Intelligence, security and the Attlee governments, 1945–51

An uneasy relationship?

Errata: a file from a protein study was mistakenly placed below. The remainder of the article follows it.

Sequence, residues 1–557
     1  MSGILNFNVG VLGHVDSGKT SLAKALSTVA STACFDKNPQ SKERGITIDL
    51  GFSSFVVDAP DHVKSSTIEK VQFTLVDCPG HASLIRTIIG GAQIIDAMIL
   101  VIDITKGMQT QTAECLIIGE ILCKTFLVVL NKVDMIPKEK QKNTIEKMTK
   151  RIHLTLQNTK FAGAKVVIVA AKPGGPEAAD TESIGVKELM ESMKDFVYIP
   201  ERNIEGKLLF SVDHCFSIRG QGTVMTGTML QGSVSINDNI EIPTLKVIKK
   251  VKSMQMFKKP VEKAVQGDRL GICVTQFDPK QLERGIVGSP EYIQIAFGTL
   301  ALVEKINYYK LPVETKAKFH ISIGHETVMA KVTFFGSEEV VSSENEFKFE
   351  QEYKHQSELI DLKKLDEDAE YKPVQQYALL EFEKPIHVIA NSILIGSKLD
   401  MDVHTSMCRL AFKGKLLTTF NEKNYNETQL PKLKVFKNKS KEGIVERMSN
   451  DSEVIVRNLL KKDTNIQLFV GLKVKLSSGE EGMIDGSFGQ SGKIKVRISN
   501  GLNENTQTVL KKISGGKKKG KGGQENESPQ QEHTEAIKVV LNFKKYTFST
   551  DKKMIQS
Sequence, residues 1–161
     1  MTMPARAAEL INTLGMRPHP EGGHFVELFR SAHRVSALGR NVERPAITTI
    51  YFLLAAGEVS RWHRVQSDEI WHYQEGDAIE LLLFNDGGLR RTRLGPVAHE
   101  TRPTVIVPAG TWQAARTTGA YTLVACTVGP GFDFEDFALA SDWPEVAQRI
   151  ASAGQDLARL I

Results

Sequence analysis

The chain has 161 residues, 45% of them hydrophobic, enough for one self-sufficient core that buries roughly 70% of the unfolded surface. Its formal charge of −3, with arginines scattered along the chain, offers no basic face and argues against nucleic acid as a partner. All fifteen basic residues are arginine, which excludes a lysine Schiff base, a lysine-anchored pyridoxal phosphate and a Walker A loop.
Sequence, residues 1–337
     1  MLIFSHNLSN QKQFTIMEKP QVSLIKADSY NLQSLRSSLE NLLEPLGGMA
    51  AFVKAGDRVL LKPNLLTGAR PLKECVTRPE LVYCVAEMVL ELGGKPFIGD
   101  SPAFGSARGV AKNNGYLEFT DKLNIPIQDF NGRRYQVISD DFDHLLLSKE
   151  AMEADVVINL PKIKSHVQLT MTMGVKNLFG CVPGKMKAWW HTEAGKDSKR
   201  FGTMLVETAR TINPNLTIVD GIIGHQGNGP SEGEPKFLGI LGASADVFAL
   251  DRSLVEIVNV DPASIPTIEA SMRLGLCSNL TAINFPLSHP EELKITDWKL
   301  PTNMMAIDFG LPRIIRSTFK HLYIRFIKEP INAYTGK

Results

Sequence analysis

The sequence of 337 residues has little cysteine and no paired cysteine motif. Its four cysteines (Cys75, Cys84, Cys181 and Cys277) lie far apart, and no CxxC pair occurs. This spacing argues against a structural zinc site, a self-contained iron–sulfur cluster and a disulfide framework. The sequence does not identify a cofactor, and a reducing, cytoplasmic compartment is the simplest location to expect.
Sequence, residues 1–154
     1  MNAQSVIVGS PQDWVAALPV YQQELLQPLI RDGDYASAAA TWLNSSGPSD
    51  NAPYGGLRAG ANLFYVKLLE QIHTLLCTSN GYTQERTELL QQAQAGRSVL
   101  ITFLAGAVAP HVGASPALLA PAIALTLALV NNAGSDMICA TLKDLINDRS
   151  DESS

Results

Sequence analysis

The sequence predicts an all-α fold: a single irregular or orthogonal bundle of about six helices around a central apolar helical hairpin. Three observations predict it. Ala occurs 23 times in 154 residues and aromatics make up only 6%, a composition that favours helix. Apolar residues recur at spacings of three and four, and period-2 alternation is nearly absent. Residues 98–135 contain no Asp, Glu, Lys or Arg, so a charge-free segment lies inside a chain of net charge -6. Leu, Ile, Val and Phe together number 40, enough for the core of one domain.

Drawing extensively on recently released documents and private papers, this is the first extensive book-length study to examine the intimate relationship between the Attlee government and Britain’s intelligence and security services. Often praised for the formation of the modern-day ‘welfare state’, Attlee’s government also played a significant, if little understood, role in combatting communism at home and overseas, often in the face of vocal, sustained, opposition from their own backbenches. Beneath Attlee’s calm exterior lay a dedicated, if at times cautious, Cold War warrior, dedicated to combatting communism at home and overseas. This study tells the story of Attlee’s Cold War. At home, the Labour government implemented vetting to protect Whitehall and other areas of the Cold War state from communists, while, overseas, Attlee and his Foreign Secretary Ernest Bevin authorised a series of highly secret special operations in Eastern Europe, designed to erode Soviet influence, told here for the first time in significant detail. More widely, Ministers also strengthened Imperial and Commonwealth security and, responding to a series of embarrassing spy scandals, tried to revive Britain’s vital nuclear transatlantic ‘special relationship’ with Washington. This study is essential reading for anyone interested in the Labour Party, intelligence, security and Britain’s foreign and defence policy at the start of the Cold War.

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